• A resource providing states with operational considerations and illustrative scenarios for implementing section 1902(e)(14) waivers and other flexibilities, building on CMS’ June compilation of strategies to reduce procedural disenrollments.[6] CMS identifies the following strategies as the most effective in improving ex parte rates and reducing risk of procedural terminations for children: the Targeted Supplemental Nutrition Assistance Program/Temporary Assistance for Needy Families Strategy, the Beneficiaries with No Income Renewal Strategy, and the Beneficiaries with Low Income Renewal Strategy.
  • A data snapshot highlighting enrollment trends in Medicaid, CHIP, and the Marketplace through September 2023. Since the start of unwinding, enrollment in Medicaid and CHIP has decreased by approximately 5.4 million individuals (down to 88.5 million); however, many of the individuals who are losing Medicaid or CHIP appear to be transitioning to Marketplace coverage. Marketplace enrollment has increased by over 1.5 million individuals since March 2023, and is up by 100,000 individuals from the same time last year.


Together, HHS’ letters to states and CMS’ resources represent a coordinated effort to prioritize coverage retention for eligible children and continue supporting states with their enrollment and renewal processes in the post-public health emergency era.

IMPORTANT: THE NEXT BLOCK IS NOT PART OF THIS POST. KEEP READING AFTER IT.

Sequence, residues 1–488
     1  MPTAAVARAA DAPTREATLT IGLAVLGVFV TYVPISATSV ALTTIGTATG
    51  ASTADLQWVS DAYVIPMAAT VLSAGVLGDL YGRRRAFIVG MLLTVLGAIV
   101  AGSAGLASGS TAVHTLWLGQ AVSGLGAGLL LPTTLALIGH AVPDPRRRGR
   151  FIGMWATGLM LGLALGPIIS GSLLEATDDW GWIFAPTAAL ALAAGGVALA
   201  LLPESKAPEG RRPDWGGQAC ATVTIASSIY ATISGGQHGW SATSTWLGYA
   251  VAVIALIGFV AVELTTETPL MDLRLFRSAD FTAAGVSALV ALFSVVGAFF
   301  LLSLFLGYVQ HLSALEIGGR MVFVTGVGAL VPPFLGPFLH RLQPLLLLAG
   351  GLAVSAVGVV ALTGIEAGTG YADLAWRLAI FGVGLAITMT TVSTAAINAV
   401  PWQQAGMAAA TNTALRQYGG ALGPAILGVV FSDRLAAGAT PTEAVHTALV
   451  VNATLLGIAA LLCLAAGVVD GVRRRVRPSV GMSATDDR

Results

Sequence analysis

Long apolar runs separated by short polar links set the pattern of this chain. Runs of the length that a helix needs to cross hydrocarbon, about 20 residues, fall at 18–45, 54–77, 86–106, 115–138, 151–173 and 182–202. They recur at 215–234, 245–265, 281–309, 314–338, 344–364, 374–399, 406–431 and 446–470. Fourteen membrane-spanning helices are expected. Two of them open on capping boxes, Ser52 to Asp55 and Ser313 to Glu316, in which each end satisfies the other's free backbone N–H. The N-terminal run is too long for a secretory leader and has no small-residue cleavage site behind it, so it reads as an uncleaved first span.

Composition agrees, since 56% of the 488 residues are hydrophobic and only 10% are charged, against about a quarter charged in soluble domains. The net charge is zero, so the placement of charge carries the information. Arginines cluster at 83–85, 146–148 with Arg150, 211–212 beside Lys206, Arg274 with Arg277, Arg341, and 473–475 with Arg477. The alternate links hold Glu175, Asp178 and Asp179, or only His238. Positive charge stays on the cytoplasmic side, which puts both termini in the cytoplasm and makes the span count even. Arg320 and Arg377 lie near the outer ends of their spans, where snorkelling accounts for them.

[1] For more information on CMS’ unwinding enforcement authorities, see this State Health and Value Strategies and Manatt Health expert perspective on the December 6, 2023 interim final rule with comment period.

[2] CMS will allow states to request new waiver authorities through December 31, 2024. CMS also notes that it is assessing the impact of the section 1902(e)(14) waivers to determine which may be implemented under other federal authorities, and additional “guidance on the continued availability of these strategies is forthcoming.”

[3] Section 1902(e)(14)(A) of the Social Security Act allows states to request authority for waivers “as are necessary to ensure that states establish income and eligibility determination systems that protect beneficiaries.” 

[4]Ex parte” refers to verifying eligibility based on a review of available data sources without needing to send a renewal form and request information/documentation from the enrollee.

[5] While this is currently a state option, CMS’ “Streamlining the Medicaid, Children’s Health Insurance Program, and Basic Health Program Application, Eligibility Determination, Enrollment, and Renewal Processes” proposed rule would make this a requirement. For more on the proposed rule, see the State Health and Value Strategies and Manatt Health expert perpsective CMS Proposed Rule on Medicaid and CHIP Eligibility, Enrollment, and Renewal.

[6] “Procedural disenrollment” refers to a termination of eligibility and disenrollment from Medicaid for reasons that are unrelated to a state’s determination of whether the individual meets eligibility criteria to qualify for coverage, including for failure to return a renewal form or documentation needed to make a determination of eligibility.